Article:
- Premedications such as diphenhydramine (Benadryl®), acetaminophen (Tylenol®), and hydrocortisone (Solu-Cortef®) may be given before rituximab to help avoid infusion related reactions. You may need to be watched for a reaction for at least one hour after the infusion is complete
- A pharmacist should ALWAYS review your medication list to ensure that drug interactions are prevented or managed appropriately
- Clinical trials may exist for ALL. Ask your doctor if any studies are currently enrolling in your area. If not, go to clinicaltrials.gov to search for other centers offering study medications
Patient Assistance & Co-payment Coverage
Patients under the age of 65 years, or those with private insurance plans:
If you have insurance and are looking for patient assistance or copay assistance for Inotuzumab Ozogamicin (Besponsa®), we have provided links that may help.
Visit our Patient Assistance page and click the links to various patient assistance programs for help paying for Inotuzumab Ozogamicin (Besponsa®). Depending upon your income, they may be able to help cover the cost of:
For Branded medications (may be available for generic medications too), check with the manufacturer to determine if a co-pay card is offered and if it could reduce your monthly copay.
- If you are uninsured, check with the manufacturer to determine if you are eligible to receive medication at no cost.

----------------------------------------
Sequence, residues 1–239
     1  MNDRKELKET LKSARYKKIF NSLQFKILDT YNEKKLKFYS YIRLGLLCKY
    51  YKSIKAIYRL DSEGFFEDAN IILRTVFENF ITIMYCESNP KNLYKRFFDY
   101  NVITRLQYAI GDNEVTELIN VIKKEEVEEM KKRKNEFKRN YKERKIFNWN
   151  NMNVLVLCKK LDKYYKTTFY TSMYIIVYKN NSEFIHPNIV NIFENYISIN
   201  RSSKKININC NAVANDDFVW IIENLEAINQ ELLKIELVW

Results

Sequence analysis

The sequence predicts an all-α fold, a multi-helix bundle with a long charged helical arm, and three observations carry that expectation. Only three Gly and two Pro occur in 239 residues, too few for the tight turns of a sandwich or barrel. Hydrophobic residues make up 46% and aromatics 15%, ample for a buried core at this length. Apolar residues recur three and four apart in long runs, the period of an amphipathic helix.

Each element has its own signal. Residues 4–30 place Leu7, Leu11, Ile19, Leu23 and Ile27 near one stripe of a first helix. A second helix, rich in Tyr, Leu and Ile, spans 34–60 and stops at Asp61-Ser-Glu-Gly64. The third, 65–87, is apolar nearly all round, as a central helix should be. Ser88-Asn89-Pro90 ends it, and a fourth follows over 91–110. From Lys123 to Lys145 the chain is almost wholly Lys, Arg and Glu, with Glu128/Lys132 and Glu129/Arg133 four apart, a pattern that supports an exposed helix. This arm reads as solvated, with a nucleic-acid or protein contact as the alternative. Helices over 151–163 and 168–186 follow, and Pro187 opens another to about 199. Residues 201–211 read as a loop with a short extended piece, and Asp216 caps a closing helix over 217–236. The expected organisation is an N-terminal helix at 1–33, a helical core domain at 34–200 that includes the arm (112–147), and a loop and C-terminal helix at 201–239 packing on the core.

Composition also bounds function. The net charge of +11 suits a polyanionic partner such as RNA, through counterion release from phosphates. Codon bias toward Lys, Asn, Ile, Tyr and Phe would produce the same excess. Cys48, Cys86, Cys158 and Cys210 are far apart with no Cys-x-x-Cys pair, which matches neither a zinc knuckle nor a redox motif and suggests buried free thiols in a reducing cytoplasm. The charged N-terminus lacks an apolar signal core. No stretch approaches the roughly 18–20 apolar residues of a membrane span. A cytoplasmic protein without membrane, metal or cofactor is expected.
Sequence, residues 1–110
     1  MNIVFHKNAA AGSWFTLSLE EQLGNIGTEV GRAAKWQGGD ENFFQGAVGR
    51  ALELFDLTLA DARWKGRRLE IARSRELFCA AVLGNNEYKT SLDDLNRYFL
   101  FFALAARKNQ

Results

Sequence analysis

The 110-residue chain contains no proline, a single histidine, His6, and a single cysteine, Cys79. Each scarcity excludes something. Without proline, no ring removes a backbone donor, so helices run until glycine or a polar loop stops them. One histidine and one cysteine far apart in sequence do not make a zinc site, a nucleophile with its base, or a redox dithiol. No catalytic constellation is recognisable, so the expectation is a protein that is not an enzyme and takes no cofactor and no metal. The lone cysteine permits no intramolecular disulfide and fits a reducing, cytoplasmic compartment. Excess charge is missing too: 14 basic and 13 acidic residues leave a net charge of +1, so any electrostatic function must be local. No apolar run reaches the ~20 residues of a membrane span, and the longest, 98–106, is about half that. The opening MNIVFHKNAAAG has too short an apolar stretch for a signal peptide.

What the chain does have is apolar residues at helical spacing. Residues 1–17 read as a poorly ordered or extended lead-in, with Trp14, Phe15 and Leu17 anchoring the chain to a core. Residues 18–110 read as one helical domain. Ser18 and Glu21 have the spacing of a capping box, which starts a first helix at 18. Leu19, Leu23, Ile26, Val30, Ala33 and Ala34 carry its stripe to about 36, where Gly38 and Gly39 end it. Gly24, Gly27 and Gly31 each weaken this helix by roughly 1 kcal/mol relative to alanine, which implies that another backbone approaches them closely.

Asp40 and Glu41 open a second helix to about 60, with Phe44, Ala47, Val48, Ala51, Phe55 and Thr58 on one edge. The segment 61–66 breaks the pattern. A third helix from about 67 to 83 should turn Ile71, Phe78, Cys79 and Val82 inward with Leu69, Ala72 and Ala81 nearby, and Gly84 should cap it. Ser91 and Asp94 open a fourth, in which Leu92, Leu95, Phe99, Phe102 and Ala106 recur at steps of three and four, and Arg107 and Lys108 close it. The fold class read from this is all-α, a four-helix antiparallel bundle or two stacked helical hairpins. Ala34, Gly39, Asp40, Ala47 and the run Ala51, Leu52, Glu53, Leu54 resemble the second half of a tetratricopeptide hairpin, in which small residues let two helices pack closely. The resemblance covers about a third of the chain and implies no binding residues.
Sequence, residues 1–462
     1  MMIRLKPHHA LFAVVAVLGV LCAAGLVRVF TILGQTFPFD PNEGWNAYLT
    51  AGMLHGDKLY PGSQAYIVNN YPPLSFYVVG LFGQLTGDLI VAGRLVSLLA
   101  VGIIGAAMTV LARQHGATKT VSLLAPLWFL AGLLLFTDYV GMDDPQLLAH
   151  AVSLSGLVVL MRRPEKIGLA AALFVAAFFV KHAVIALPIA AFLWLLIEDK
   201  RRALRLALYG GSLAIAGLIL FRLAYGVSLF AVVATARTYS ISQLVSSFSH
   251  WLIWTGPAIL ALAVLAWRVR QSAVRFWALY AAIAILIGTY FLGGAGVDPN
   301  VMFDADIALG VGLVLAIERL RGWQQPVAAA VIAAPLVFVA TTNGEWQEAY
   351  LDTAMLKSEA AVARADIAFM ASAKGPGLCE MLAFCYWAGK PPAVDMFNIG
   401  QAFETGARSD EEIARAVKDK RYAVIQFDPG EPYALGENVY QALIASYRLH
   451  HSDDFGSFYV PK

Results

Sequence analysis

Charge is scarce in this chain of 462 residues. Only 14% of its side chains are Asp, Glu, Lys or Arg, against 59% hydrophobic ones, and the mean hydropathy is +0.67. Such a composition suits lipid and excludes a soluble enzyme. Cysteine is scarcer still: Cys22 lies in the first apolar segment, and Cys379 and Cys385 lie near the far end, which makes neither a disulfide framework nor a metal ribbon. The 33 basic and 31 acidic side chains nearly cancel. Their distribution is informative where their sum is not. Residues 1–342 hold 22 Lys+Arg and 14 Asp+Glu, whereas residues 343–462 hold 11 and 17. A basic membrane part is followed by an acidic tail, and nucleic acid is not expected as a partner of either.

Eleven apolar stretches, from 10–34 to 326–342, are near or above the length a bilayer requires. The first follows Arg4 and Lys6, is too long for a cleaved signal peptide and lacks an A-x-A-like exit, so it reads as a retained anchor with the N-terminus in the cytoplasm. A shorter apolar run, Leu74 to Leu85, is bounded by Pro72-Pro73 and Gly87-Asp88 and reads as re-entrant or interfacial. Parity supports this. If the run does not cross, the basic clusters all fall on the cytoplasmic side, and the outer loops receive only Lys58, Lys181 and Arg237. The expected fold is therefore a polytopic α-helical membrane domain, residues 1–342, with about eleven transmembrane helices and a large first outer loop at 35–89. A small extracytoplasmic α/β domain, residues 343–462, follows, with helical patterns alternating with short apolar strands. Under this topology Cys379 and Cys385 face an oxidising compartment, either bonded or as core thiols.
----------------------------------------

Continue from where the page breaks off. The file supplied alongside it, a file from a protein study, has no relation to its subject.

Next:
Medicare and Medicaid patients (Patients 65 years or older):
The clinic providing treatment will likely pre-authorize medications and immune therapies such as Inotuzumab Ozogamicin (Besponsa®) and are the best source to help you understand drug cost.
- Ask to speak with a patient assistance technician or financial counselor at the clinic or hospital administering this therapy.
What is Emotional Wellness?
Emotional wellness is having a positive outlook balanced with a realistic understanding of current life events. This requires both an awareness and acceptance of your emotions. It is with this knowledge that you can develop a plan to take the necessary actions to positively impact your life.
Emotional wellness uses an ongoing process to continually reflect on the stressors of life in a constructive manner to move forward and create happiness.
Because emotional wellness is deeply connected with physical, social, and spiritual wellness, pursuing it often becomes particularly difficult in times of major illness. Despite this difficulty, working toward emotional wellness has been connected to improved treatment outcomes and a higher likelihood of achieving goals of therapy.
Learn more about pursuing emotional wellness while receiving treatment with Inotuzumab Ozogamicin (Besponsa®)